Academic journal article Journal of European Studies

Bent Straight: The Destruction of Self in Martin Sherman's Bent

Academic journal article Journal of European Studies

Bent Straight: The Destruction of Self in Martin Sherman's Bent

Article excerpt

Despite the homophobia of Adolf Hitler and Heinrich Hixnmler, homosexuals in Nazi Germany lived in relative safety until the Night of Long Knives, which began on 28 June 1934 and continued until 3 July. During this purge, Hitler rid himself of Ernst Roehm, the controversial and confrontational SA (Sturmabteilung -- storm troopers) leader who had helped catapult him to power by establishing and training this organization. Roehm had vehemently insisted that the SA encompass the Germany army and serve as the Fiehrer's primary fighting force, a demand that Hitler frowned upon, having learned during the Beer Putsch of 1923 the importance of a national army. Although Roehm's outbursts later rendered him expendable to the Fiehrer, initially the SA leader, an unabashed homosexual, served as an invaluable cog in the Nazi political machine.

Because of Roehm's military prowess, Hitler overlooked the man's hot temper and homosexual lifestyle. As long as Roehm continued to support Hitler and distinguish himself as a talented and loyal soldier, the Fiihrer considered the man's private life irrelevant -- or at least refused to make an issue of it. William Shirer notes that 'Hitler had known all along, from the earliest days of the party, that a large number of his closest and most important followers were sexual perverts and convicted murderers. It was common talk, for instance, that [SA Cbergruppenfiihrer of Silesia Edmund] Heines used to send SA men scouring ali over Germany to find him suitable male lovers'.' Hitler, in fact, defended the SA leader on several occasions. Addressing people who criticized the SA leaders, complaining of criminal activities within the organization, Hitler declared that the SA was a 'gathering of men for a political purpose, not an institute for the moral education of young ladies but a band of rough fighters'. The cruc ial question was 'whether or not the SA leader or man did his duty in the SA. A man's private life can be an object of consideration only if it runs counter to essential principles of the National Socialist Weltanschauung [Ideology]. (2) Roehm might have appreciated Hitler's support, but he took it for granted.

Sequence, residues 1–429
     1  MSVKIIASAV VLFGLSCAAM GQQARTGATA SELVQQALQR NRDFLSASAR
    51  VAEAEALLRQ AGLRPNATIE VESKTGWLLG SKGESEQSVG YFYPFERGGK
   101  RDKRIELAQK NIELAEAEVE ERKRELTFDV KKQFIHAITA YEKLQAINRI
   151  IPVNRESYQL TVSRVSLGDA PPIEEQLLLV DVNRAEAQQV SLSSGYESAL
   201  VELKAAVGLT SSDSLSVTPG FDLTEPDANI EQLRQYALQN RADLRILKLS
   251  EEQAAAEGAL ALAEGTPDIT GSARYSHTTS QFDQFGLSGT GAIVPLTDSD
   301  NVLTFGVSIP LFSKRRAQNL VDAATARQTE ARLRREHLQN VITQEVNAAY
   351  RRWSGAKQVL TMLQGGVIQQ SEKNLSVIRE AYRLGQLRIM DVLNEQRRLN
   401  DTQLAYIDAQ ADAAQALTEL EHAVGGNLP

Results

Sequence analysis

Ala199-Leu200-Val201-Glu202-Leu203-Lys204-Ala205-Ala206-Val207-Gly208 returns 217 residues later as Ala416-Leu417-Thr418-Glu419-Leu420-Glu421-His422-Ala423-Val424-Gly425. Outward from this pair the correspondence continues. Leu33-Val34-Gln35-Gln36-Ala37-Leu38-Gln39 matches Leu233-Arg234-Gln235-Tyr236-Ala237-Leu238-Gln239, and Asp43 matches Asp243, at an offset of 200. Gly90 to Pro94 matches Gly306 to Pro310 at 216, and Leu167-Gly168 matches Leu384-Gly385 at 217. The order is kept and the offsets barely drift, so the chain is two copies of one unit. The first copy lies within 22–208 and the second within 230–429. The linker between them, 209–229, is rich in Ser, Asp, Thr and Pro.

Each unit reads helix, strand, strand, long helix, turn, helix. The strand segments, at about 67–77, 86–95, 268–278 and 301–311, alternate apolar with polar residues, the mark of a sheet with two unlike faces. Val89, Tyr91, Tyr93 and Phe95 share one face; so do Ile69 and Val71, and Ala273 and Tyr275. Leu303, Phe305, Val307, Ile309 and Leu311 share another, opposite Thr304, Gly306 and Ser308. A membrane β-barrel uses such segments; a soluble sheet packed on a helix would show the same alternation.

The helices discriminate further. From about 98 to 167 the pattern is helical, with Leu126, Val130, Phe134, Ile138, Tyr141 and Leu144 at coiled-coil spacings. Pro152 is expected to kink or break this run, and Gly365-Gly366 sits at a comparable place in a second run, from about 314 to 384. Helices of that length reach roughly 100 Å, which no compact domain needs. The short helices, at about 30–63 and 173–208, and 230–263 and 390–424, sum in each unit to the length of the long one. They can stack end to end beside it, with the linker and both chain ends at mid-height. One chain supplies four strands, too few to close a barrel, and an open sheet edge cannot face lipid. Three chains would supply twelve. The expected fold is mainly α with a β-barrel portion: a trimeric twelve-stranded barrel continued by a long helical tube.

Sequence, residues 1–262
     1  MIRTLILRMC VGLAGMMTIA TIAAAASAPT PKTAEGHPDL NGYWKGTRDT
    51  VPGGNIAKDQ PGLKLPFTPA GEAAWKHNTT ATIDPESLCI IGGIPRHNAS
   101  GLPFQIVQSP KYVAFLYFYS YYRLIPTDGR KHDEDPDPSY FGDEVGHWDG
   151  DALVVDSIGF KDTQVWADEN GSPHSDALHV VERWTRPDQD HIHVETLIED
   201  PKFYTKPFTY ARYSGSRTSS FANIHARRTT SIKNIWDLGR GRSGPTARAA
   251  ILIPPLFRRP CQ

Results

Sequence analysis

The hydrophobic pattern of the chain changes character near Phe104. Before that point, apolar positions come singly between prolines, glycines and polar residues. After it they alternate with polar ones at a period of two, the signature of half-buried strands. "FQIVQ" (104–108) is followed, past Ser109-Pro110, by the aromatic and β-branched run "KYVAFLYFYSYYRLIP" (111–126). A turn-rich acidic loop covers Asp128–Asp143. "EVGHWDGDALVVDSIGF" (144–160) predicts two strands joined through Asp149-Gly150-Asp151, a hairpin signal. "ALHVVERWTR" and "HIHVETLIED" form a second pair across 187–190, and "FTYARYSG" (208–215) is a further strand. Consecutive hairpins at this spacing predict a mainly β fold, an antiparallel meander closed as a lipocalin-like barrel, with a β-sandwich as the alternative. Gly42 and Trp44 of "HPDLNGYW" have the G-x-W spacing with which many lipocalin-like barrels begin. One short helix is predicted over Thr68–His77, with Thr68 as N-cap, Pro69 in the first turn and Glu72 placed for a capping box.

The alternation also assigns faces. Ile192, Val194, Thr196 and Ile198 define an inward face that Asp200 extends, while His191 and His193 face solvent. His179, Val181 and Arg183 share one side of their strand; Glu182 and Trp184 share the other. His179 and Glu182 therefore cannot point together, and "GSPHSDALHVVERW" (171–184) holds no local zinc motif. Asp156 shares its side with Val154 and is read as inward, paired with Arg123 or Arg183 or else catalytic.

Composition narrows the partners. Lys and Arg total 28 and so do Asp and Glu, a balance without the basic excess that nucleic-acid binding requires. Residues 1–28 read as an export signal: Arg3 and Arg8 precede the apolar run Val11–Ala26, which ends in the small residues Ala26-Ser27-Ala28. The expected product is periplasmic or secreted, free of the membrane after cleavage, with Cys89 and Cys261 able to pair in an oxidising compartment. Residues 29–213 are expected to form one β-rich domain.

The SA leader abused the confidence and patience that the Fuhrer had placed in him. During a power struggle for Hitler's favour and for political power that ensued between Nazis such as Roehm, Himmier, Goebbels, Goering and Heydrich, each man strove to convince the Fuhrer that he deserved more authority and that some of the others endangered the Nazi cause. Roehm, for instance, wanted more control over the military and became outraged and frustrated by his inability to persuade Hitler to allow the SA to supersede the power of the Wehrmacht generals and thus become the national army. A talented and intelligent military leader who proved foolish in regard to politics, Roehm became enraged and desperate after Hitler's refusal to side with him, so he imprudently spoke disparagingly about the Fuhrer in public. Roehm exclaimed to Hermann Rauschning:

Adolf is a swine ... He will give us all away. He only associates with the reactionaries now. His old friends aren't good enough for him ... Adolf has learned from me. Everything he knows about military matters, I've taught him ... But Adolf is and remains a civilian, an 'artist,' an idler ... What he wants is to sit on the hilltop and pretend he's God. And the rest of us, who are itching to do something, have got to sit around doing nothing. (3)

Roehm's competitors often brought his insulting words and news of his misconduct to the Fuhrer's attention, employing these misdeeds as a weapon against their adversary.

Taking the advice of Roehm's enemies and realizing that the tempestuous SA leader craved more authority for his organization, Hitler agreed to the purge. It would be incorrect to accept as true the charge that Roehm had planned to usurp Hitler's authority, a charge made publicly by the government as their impetus for the arrests and killings; this excuse legitimized the purge, allowing the murders to masquerade as a means of self-protection rather than as an act of aggression. …

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